“No, I want to come to Venice, California where you are. How else can I see if you fixed your damn toilet?”

“I’ve still got that business I have to attend to.”

“That’s fine. Would four be all right, at your office?”

 Lloyd said it was, though he had a sinking feeling it wouldn’t be at all.

He could still smell Audrey on his skin. He had no good reason to think she was coming to end it, other than the fact that something so good had never once come his way before. He’d landed in someone else’s movie. How long before the co-star noticed? How could it continue? If it did, he wondered if it would always feel like he was headed up some strange canyon every time he saw her.

He had five and a half hours to spend, and not much to spend it on that could get done in that time, like finding Artie Kane. All he wanted to do was see Audrey, but it mattered how she saw him. It was awkward enough being in both her employ and her bed; he didn’t want to look like he wasn’t earning it, or that he was the sort of guy who’d put self-interest above duty.

If he found Artie, would it be Audrey’s duty to stay with the old fuck through his puttering years? But if she was thinking of sleeping in Lloyd’s bed tonight, what would she think about the neighbors and landlady listening through the thin walls, in his Spartan room with sand in its carpet?

He tried calling Roy Narawamu, but he was in the autopsy room. He doubted Chick Singer was in the phone book—car dealers didn’t enjoy customers showing up with torches at their front doors. He didn’t think much of Singer as a suspect; it would suit his dislike for the man too much. But it was enough of a suspicion that he had to eliminate it.

Maybe the motive could be as stupid as Singer thinking that with Artie out of the picture, he could horn in. So, what, he’d killed Artie, or just put him on a southbound bus in Tijuana? Just for a clearer shot at getting into Audrey’s leotard? If Singer had kidnapped Artie for ransom, why let Artie marinate this long without contacting Audrey?

Unless he had, and she was playing it incredibly cool. Could she? And why? Because Singer had made threats? Because Audrey was in on it somehow? Maybe there was an insurance angle, where they’d pay to recover Artie, or pay her if he turned up dead. In which case, why bring a PI in? As a fall guy? Lloyd felt filthy just thinking such thoughts, but he’d been so jerked around during his ethics violation that he felt a need now to patsy-proof himself.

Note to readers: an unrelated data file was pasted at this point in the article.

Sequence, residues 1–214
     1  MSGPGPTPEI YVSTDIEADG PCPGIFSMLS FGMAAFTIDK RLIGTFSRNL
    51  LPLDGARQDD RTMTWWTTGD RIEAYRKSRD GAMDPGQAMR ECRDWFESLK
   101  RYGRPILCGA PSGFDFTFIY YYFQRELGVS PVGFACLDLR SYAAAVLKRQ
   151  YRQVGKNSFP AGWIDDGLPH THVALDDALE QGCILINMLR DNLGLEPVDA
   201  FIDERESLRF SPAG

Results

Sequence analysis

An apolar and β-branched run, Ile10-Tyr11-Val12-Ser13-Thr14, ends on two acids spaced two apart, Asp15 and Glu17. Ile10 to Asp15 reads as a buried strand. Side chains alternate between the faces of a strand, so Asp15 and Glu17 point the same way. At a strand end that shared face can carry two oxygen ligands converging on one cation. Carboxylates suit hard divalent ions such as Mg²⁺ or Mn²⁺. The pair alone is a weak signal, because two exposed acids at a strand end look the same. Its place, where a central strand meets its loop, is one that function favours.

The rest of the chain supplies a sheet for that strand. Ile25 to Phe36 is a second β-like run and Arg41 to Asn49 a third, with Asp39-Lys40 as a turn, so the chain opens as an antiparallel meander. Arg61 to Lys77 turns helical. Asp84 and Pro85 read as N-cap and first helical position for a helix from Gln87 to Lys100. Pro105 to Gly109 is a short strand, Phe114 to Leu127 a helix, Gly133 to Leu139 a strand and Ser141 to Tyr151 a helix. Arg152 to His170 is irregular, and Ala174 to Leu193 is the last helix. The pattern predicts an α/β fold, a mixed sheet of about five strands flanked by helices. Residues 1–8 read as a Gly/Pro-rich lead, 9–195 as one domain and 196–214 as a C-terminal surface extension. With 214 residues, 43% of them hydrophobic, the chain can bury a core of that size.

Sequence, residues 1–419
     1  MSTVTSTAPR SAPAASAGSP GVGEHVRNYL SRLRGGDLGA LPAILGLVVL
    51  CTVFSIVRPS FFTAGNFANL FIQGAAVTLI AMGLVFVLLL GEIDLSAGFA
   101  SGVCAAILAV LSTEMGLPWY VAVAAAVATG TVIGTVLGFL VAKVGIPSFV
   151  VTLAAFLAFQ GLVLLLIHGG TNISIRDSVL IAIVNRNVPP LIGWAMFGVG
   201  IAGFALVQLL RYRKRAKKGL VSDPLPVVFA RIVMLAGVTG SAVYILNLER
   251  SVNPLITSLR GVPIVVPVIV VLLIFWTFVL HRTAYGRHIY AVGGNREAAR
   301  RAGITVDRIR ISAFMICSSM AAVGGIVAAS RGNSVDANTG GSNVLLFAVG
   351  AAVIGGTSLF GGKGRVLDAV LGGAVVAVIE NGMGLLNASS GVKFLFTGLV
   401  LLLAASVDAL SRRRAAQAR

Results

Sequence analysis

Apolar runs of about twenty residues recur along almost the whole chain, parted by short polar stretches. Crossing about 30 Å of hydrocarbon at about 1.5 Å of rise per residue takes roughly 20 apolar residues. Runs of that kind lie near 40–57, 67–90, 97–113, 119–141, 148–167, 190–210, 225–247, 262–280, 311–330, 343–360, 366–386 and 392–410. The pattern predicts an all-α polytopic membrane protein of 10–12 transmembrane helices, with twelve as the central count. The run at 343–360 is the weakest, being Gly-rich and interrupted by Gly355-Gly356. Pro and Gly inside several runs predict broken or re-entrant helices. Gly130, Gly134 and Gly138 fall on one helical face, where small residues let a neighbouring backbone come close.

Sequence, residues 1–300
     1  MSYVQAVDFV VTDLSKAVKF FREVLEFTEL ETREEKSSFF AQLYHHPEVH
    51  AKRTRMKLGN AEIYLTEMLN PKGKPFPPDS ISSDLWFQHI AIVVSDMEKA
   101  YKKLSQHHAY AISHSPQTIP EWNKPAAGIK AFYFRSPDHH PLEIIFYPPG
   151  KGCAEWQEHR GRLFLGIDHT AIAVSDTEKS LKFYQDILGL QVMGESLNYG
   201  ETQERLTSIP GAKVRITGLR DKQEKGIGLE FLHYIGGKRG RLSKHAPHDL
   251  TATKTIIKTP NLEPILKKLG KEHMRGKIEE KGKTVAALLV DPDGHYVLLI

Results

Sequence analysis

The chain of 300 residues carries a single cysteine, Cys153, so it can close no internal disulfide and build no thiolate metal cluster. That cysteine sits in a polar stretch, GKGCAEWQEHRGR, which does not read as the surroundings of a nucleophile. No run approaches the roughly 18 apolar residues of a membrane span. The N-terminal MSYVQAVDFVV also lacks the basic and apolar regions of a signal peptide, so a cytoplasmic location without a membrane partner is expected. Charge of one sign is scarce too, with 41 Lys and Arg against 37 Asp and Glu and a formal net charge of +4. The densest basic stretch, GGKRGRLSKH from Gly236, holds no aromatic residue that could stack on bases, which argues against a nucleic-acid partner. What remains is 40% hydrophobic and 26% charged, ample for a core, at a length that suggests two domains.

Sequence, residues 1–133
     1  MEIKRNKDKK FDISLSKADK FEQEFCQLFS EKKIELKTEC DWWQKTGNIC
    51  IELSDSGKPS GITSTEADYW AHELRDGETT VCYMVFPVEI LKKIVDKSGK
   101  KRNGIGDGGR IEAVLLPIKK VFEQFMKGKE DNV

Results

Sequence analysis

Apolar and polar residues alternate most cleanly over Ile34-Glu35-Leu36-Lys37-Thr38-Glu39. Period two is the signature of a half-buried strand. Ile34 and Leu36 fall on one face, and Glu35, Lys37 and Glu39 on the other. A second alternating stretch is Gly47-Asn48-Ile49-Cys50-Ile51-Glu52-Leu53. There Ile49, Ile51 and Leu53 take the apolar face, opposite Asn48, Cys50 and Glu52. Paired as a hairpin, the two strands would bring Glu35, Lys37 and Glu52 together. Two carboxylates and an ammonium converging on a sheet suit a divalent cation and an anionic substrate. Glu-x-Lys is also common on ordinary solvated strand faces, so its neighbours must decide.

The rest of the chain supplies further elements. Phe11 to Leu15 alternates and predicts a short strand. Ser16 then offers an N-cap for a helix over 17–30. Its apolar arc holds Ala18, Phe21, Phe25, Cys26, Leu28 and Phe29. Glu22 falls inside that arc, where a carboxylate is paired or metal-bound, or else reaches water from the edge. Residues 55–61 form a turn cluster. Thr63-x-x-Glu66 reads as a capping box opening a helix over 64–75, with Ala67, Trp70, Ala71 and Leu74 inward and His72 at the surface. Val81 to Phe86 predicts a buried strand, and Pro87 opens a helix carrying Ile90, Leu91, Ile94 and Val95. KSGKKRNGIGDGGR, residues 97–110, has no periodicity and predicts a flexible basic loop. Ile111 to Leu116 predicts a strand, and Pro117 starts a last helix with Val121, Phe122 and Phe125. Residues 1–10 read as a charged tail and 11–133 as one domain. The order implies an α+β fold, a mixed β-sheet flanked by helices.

The idea occurred that if Cochise didn’t have many ideas about other homeless hangouts, he might set him on tailing Singer for a while. There wasn’t much point unless Cochise could borrow a car; he couldn’t track him by footprints and broken twigs. Cochise also tended to stick out like a drunken bronze statue wherever he went. If Singer should spot and confront him, Lloyd would want to be there to see it. Singer might look like he wrestled Chuck Connors, but Cochise looked like he bench-pressed him, and that skinny kid to boot.

“Can you smell that?” Cochise filled his doorway, his nose turned to the air. He appeared not to be more than two or three malt liquors into his morning. Lloyd sniffed, and caught the usual mix of cotton candy, corn dogs and beach rot in the morning breeze. “Christ, I love a cinnamon bun. I smell them hot, not more than 30 cactus shadows distant, Kemosabe: cinnamon buns. If you buy me one, I will reveal the location and wonders of the lost Tayopa mine to you.”


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Jim Washburn has written for the Los Angeles Times, the Orange County Register, the OC Weekly, various MSN sites and just about anybody else willing to trade a paycheck for a pulse.


Marty Martell & Garn Littledyke would be proud!

2010-12-19 by Leslie